Tuesday, 8 May 2012

Moving on

It's been a couple of days now since my bike was pinched and I guess I'm starting to come to terms with it. Although it still sort of stings that someone stole from me, at least they just took it when I wasn't looking. I wasn't mugged for it, nobody broke into my home for it and (I assume) nobody was hurt (although it is due for a service...).

I guess whenever something like this happens, you are forced to reevaluate a few things. In this case, my first thought was how I was going to get home. Then I worried about how and whether I was going to get it back. Then I wondered what I would do in the medium term about commuting. The answers to all of these have sort of surprised me. For starters, I ran home. It wasn't as bad as I thought it would be - even The Hill (Dartmouth Park Hill, for those who may know it) was pretty manageable.  If I ran home say, three times a week, at least I could stop feeling guilty every time I opened the biscuit tin.

As for whether I would get it back, I blogged, I tweeted, I Facebooked. And people came back with suggestions, offered sympathy, etc. People I have never met in real life asked their friends to look out for my bike. A friend from the other side of the world even dropped a message in to say hi, sorry and recommend a couple of his favorite children's books. The number of nice people far outweighed this single horrid, selfish thief. It restored my faith in humanity, to say the least.

And what am I going to do now? Well, it was always on the cards that my office would move, I just had to bite the bullet and move it. One reason to put it off was that it won't be moving to within cycling distance, I will have to drive. I'd been putting off buying a car too, but it must be done. It's part of the plan for the next chapter of my life: the post-London years. Having my bike stolen has forced me to knuckle down and start dealing with the nitty gritty of moving everything on, and I really do want to move on.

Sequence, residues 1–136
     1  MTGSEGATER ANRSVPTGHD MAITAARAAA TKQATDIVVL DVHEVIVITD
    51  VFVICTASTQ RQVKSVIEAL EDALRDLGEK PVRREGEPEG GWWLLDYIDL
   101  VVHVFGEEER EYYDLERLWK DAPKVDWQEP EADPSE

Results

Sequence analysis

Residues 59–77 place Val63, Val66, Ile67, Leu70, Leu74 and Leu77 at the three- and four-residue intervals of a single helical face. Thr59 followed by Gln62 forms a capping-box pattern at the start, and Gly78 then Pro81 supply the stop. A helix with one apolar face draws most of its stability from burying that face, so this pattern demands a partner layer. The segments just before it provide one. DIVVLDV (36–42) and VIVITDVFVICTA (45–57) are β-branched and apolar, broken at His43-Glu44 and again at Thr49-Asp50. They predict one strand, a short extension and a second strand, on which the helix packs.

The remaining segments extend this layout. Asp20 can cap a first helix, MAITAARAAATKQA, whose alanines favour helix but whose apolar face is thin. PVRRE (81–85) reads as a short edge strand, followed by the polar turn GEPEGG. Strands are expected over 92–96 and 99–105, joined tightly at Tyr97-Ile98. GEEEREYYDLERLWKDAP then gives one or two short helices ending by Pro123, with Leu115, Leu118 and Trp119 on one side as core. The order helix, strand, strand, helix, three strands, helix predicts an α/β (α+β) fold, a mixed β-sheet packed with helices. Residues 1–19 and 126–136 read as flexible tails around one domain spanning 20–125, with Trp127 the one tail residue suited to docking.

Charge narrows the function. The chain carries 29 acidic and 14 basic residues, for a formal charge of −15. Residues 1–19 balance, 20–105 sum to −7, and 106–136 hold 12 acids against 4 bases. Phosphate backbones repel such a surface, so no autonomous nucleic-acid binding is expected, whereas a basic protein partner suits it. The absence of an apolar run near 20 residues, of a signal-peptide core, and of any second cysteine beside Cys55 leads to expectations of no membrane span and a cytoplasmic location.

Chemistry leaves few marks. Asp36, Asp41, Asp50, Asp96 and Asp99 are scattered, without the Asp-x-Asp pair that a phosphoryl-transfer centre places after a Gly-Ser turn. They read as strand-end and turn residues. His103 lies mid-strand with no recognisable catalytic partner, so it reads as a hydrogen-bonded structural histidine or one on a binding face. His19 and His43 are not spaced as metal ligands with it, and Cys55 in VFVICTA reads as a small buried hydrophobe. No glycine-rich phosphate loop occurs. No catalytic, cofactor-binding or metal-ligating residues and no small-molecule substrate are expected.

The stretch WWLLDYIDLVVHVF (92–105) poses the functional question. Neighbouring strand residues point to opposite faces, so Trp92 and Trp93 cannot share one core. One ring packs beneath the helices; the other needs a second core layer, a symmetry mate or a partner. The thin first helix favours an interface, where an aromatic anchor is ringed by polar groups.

So, do I want my bike back? Yes, of course I do. And if I ever meet the thieving little toerag who pinched it, I might not be wholly responsible for my actions. But there is usually a silver lining if you look hard enough for it, and I think I've found it here: I am lucky to have such depth and breadth of friendship (both in person and in 140 character messages) the time is pretty ripe for moving on, and nobody has stolen my running shoes (to be honest,you'd have to be pretty desperate - give a whistle and they'll come running of their own accord....).

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